This one probably goes without being said, but the #1 thing you need to remember when setting up trail/game cameras is your camera. The original store packaging is a pain to remove so make sure to remove the camera from the packaging before heading into the field.
I have a couple dedicated carrying cases that I use for all of my trail cameras and accessories. This is great when I’m done for the year and picking up all of my cameras so I know that everything is organized and packed up in a single location. Same goes for setting up at the beginning of each year, I know that I can grab one of my bags which usually has anywhere from 4-6 cameras in it and that I have all of my straps, batteries, memory cards and cameras in one spot.
Remember to bring along extra memory cards during setup or when swapping out cards to check pictures. The quicker you can be in and out of the woods, the better. You don’t want to be sitting in the woods checking hundreds of pictures before you clear the pics because you forgot to bring an extra memory card. Size of memory cards greatly varies but I’d suggest no less than 2 GB cards but prefer to set my cameras up with 6GB or larger to ensure I have plenty of space. Size of the card you need will depend on the picture quality your camera is set up for (low/high image quality) and how often you are switching out memory cards. Earlier in the season I tend to have 8GB or larger cards since I know that it may be weeks or months before I’m back to check some cameras.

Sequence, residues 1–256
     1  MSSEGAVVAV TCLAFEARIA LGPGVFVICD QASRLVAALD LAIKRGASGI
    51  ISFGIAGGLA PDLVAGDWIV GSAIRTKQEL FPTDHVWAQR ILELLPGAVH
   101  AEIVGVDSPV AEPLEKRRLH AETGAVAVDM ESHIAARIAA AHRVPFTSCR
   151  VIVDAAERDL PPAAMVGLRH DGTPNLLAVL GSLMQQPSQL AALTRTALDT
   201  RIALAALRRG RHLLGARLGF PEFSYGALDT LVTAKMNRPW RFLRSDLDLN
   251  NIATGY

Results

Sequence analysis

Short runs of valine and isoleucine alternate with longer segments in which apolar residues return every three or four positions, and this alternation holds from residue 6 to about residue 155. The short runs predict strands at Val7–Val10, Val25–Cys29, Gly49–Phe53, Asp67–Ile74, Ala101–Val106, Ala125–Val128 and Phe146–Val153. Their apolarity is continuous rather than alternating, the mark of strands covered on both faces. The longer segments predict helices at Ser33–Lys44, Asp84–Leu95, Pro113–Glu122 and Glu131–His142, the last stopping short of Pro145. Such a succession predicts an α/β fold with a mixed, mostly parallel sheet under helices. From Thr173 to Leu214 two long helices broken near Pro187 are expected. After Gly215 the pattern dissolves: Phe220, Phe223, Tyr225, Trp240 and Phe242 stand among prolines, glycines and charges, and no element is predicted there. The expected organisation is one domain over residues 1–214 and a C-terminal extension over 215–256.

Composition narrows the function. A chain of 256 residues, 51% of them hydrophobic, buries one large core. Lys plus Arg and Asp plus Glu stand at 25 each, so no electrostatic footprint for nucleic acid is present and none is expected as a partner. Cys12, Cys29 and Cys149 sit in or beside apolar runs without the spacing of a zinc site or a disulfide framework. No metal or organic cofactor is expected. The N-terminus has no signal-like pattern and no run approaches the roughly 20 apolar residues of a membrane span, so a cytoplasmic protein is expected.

Be sure to bring along your favorite brand of scent eliminator with you when checking cameras. You should be practicing good scent control to minimize human odor in the areas you are checking. This also includes wearing the right gear such as rubber boots and gloves when handling the cameras.
Make sure to check the rules and regulations of the state that you are hunting in before putting out attractants. Attractants can be a great way to get game to stop in front of your camera for a close up shot. If your state allows it, you can lay out food, scents, minerals or other attractants for the game you are going after and it can be a great way to stop the animal or pull them in to a desired area with a camera.
If you are setting up a camera in an area that doesn’t have a lot of good options for trees, you may want to consider a trail camera tripod. Most vendors offer some type of accessory tri-pod that fits with their camera brands or there are a few generic ones out on the market that typically work with most camera mounting brackets.
Stic-N-Pic Mini Ground Mount
HME Products Men’s Ground Trail Camera Mount
You never know what will have grown up (weeds, thorn bushes, etc…) from the time you initially set up your camera to the time you head back to check memory cards. This seems to especially be the case for me, when I’m setting up cameras early in the year (Feb/March/April) and then heading back in June when everything has greened up during the spring growing season. I always try to carry along a hand saw or extendible saw that I can use to cut brush. Lesson learned for me on this one and I always make sure to carry something along with me for this purpose now.
Fiskars 7-14 Foot Power-Lever Extendable Pole Saw & Pruner
Fiskars 28 Inch Bypass Lopper
Heavy Duty Pruning Saw